An arguments value maybe a literal. This is specified inline and when processed the literal value is passed-by-value with the request. Optionally the method="data-uri" attribute may be specified with a literal argument.

<argument name="operand">
  <literal type="string">abc</literal>
</argument>

In addition to string , all the Java primitive types plus others are supported by the declarative request:

TypeDescription
xmlIn-line XML document fragment (DOM is generated)
hdsIn-line HDS document fragment
stringString object set to the specified value
booleanBoolean object set to the specified value
charCharacter object set to the specified value
integerInteger object set to the specified value
byteByte object set to the specified value
longLong object set to the specified value
floatFloat object set to the specified value
doubleDouble object set to the specified value
Java classCreates an instance of the specified class with optional constructor arguments declared by nested literals

XML literals can be specified, they are created as a DOM representation:

<argument name="operand">
  <literal type="xml">
    <abc>def</abc>
  </literal>
</argument>

HDS literals with one or more root nodes can be specified:

<argument name="operand">
  <literal type="hds">
    <abc />
    <def />
  </literal>
</argument>

If the type is not one of the above specified values the type is assumed to be the class of a representation and an instance of this representation will be constructed. Argument to the constructed representation may be specified with additional nested literals. Construction arguments are passed to the constructor in the order they are declared and they must match a valid public constructor for that representations class.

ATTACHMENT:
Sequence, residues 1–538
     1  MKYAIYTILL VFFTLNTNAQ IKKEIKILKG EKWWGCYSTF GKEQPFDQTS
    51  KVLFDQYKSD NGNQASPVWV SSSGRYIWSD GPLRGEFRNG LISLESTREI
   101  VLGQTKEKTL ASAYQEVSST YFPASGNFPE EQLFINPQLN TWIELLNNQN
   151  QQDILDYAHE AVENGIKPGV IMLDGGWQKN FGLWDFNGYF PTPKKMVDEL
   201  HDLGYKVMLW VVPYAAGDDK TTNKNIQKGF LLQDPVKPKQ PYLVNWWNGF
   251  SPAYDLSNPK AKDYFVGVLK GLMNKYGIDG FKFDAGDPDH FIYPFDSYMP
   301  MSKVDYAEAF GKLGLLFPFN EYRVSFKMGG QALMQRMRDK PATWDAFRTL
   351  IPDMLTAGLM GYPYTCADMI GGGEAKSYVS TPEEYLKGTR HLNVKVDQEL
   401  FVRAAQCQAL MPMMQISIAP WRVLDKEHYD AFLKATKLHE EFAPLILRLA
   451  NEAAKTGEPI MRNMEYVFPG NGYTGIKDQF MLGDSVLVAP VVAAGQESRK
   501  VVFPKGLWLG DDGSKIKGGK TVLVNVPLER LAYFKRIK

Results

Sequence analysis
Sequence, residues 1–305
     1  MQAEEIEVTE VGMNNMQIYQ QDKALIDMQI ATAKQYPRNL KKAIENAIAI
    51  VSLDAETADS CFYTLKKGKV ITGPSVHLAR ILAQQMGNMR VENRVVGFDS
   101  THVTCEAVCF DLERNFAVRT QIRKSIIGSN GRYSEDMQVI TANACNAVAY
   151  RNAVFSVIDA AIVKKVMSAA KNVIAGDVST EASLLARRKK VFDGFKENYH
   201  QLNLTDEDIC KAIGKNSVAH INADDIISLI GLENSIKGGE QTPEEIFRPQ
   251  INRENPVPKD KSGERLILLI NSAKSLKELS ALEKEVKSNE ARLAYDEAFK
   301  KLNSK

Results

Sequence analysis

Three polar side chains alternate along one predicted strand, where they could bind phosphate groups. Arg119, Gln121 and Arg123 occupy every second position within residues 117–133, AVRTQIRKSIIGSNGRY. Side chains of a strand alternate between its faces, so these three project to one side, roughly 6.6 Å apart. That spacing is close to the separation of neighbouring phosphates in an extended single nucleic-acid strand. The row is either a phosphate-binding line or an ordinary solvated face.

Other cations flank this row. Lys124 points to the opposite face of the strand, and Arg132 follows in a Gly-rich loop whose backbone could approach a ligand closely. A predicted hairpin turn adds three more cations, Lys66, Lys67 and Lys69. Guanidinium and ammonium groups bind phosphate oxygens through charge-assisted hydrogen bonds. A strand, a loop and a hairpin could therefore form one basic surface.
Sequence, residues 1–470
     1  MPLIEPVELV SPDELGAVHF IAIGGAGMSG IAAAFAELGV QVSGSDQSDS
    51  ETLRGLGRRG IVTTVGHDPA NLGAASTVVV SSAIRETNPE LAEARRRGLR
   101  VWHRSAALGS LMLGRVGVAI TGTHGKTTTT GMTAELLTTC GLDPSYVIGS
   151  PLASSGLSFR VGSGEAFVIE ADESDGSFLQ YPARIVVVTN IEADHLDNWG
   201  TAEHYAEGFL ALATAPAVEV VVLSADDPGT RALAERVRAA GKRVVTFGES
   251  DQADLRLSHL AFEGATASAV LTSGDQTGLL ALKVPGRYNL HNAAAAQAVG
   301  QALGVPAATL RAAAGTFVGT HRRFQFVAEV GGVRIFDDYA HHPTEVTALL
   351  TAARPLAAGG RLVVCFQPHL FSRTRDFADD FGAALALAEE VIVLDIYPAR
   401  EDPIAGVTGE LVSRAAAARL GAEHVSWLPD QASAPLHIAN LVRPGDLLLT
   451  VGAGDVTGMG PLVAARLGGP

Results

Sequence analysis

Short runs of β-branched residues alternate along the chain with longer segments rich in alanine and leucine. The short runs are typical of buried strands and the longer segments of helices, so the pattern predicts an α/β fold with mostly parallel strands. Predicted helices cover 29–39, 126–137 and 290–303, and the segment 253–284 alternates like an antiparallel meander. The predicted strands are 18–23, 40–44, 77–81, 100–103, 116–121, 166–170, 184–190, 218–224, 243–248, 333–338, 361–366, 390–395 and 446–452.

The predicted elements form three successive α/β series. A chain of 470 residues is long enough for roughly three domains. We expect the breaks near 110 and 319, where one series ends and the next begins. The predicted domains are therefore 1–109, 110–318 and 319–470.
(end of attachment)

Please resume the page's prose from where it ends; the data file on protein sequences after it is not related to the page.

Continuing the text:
<argument name="operand">
  <literal type="java.net.URI">
    <literal type="string">http://www.1060.org/</literal>
  </literal>
</argument>

One or more optional header elements may be added to the request to specify Request headers. A name attribute must be specified and an optional sticky attribute will determine if the header is created sticky or not. Headers support both literal text which will create a java.lang.String value or a literal sub-element which has the same capabilities as literals inside arguments.

<header name="myHeader" sticky="true">
  <literal type="string">My Value</literal>
</header>

Tools

The standard request syntax is used by the mapper overlay, pluggable overlay, XRL, XUnit and other technologies.